OK, I confess I fail to see the thrill or need associated with gun ownership and use, but we live in a free country—sort of—and I get why those who hunt need long guns. But I teach, write and live trying to practice nonviolence between and among humans, at least. I’ve had guns pulled on me and fired at me twice and have never ever wanted to shoot anyone. That direct violence is beyond my understanding, so I fully acknowledge my bias against guns, especially handguns.
I believe in regulating those things that prove they harm others. No one should be free to harm others—that is not freedom, it is unwarranted arrogated license. The freedom of your hands stops where my nose begins, as they say.
My real point on the Second Amendment is that it effectively blocks sane control of weaponry. Repealing the Second Amendment would not affect anything that most gun owners feel is desirable. But the Second Amendment as interpreted by the Supreme Court does make it possible for the gun industry, through its most powerful lobbyist (the National Rifle Association) to claim that laws restricting anything to do with guns are odious and part of an unconstitutional slippery slope. The track record is so clear: The Second Amendment protects the gun manufacturers and sellers at the expense of a lot of lives every year.
Suicide is possible without guns, clearly. What if greatly limiting handguns, or using available technology so only the registered owner could fire it, could save just 1,000 of the estimated 21,175 firearm suicides or just 100,000 of the estimated 836,000 ER visits from self-inflicted gun wounds in the most recent Centers for Disease Control and Prevention data? Would rational Americans perhaps think about that and fix at least part of the gun problem?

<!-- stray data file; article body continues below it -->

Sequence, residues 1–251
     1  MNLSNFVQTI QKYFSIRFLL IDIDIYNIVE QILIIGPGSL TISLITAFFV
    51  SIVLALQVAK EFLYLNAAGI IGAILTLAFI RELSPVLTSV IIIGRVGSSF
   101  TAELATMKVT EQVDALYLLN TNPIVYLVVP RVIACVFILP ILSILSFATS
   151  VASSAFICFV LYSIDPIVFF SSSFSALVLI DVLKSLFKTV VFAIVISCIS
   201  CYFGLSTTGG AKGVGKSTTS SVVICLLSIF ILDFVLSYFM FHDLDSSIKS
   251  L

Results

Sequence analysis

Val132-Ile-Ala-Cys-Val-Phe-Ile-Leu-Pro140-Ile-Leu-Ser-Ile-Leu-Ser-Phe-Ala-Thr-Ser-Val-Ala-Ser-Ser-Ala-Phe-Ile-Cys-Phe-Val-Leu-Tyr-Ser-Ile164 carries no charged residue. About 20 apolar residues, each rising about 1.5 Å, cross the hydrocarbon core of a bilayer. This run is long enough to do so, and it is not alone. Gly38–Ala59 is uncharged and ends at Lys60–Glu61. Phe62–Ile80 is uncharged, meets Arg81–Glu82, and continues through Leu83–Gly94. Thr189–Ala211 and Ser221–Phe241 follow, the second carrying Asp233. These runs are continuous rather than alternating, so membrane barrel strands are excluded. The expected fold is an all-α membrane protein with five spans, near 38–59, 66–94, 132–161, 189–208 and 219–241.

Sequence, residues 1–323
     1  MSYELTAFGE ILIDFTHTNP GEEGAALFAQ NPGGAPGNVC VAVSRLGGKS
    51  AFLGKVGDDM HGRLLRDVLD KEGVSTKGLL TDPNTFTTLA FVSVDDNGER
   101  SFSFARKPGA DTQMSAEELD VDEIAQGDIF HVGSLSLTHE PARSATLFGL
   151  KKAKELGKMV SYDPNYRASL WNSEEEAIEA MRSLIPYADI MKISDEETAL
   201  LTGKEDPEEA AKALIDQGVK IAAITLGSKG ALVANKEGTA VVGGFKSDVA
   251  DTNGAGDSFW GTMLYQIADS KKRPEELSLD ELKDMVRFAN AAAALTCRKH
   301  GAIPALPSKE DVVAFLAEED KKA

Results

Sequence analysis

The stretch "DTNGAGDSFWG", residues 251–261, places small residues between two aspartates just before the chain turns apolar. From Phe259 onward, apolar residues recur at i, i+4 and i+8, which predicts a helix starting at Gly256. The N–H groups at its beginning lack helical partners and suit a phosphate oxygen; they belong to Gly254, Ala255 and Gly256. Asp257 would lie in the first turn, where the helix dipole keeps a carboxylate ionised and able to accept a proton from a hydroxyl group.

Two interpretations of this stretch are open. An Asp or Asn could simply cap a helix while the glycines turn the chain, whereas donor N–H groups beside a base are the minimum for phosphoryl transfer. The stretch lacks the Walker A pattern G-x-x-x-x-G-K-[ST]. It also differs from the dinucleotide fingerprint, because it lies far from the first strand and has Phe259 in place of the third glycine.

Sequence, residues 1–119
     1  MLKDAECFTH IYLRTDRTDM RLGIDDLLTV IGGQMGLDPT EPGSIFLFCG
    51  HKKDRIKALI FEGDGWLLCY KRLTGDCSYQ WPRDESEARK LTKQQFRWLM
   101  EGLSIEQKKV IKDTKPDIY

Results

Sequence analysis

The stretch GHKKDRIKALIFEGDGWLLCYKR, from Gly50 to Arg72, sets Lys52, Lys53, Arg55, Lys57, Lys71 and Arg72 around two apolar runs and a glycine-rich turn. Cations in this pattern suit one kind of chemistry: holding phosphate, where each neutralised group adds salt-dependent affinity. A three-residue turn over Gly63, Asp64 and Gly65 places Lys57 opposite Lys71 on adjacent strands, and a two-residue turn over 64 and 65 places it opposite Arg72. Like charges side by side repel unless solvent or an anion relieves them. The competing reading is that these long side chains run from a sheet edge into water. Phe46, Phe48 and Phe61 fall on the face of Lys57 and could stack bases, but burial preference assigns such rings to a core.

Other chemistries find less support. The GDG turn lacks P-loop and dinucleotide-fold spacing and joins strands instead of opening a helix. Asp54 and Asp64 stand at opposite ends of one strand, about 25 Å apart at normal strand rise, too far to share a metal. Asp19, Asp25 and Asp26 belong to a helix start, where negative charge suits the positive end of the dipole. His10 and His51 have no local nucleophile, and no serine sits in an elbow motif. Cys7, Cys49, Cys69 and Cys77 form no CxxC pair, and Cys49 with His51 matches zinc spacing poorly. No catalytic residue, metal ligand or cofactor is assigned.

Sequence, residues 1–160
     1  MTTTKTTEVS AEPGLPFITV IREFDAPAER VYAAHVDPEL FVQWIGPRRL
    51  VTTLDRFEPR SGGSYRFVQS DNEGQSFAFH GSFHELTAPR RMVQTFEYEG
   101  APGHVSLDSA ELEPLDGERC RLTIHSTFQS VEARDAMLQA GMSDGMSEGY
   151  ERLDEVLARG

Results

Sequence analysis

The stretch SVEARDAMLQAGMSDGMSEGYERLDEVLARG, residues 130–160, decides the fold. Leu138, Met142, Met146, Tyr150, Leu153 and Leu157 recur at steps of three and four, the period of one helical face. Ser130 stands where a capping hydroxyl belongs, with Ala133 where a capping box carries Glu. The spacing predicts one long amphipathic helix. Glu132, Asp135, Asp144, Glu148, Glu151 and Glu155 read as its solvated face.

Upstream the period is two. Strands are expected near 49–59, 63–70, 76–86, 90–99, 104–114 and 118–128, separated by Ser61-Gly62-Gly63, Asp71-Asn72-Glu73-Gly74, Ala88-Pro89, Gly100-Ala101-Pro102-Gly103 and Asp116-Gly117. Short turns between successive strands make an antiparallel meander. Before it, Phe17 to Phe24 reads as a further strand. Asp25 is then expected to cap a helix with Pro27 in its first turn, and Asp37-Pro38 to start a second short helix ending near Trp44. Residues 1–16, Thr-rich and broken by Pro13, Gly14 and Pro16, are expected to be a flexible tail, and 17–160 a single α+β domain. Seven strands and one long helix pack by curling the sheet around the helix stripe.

Finally, some serious brave NRA members are challenging the wingnut level of gun lobbying by the NRA, including some who flat-out quit the group publicly when NRA Executive Vice President Wayne LaPierre said the two terrorists who shot up San Bernadino, CA, killing 14 and wounding 21, should not have been stopped from purchasing their assault rifles. But the politicians who take on the NRA are open to serious retributive electoral pressure, and the ones who toe the line for the NRA are richly rewarded by an annual NRA lobbying expenditure of at least $735,000, possibly as much as $3 million. That is a lot of junkets, TV ads and fat honoraria.
But more Americans are rejecting the politicians who accept big NRA donations—their success rate is falling, and no wonder. Every new mass shooting brings out the most twisted defense of “gun rights” and the most warped disregard for the right to life imaginable by the NRA leadership.
However we get there, we need to stop the massive flow of weaponry into our streets, and we need to do it on a large scale. Strict gun laws in one town are nice, but when we have a 50-state open-border country, guns flow into places like Chicago despite good local efforts to stop the murders and suicides. There are almost 400 million guns out there, so it will take a long time to bring down the numbers, but we can do it if we get sane and serious about it.
I know no gun opponent who favors disarming the rural hunter putting provender on his or her family table. I can hope that those, in fact, will be some of the voices calling for far greater sensible gun control so they can take a trip into a city and make it back alive—or so they can send their child to college in some town and not fear so much.
Hastings is the executive director of PeaceVoice, a nonprofit devoted to spreading nonviolence.
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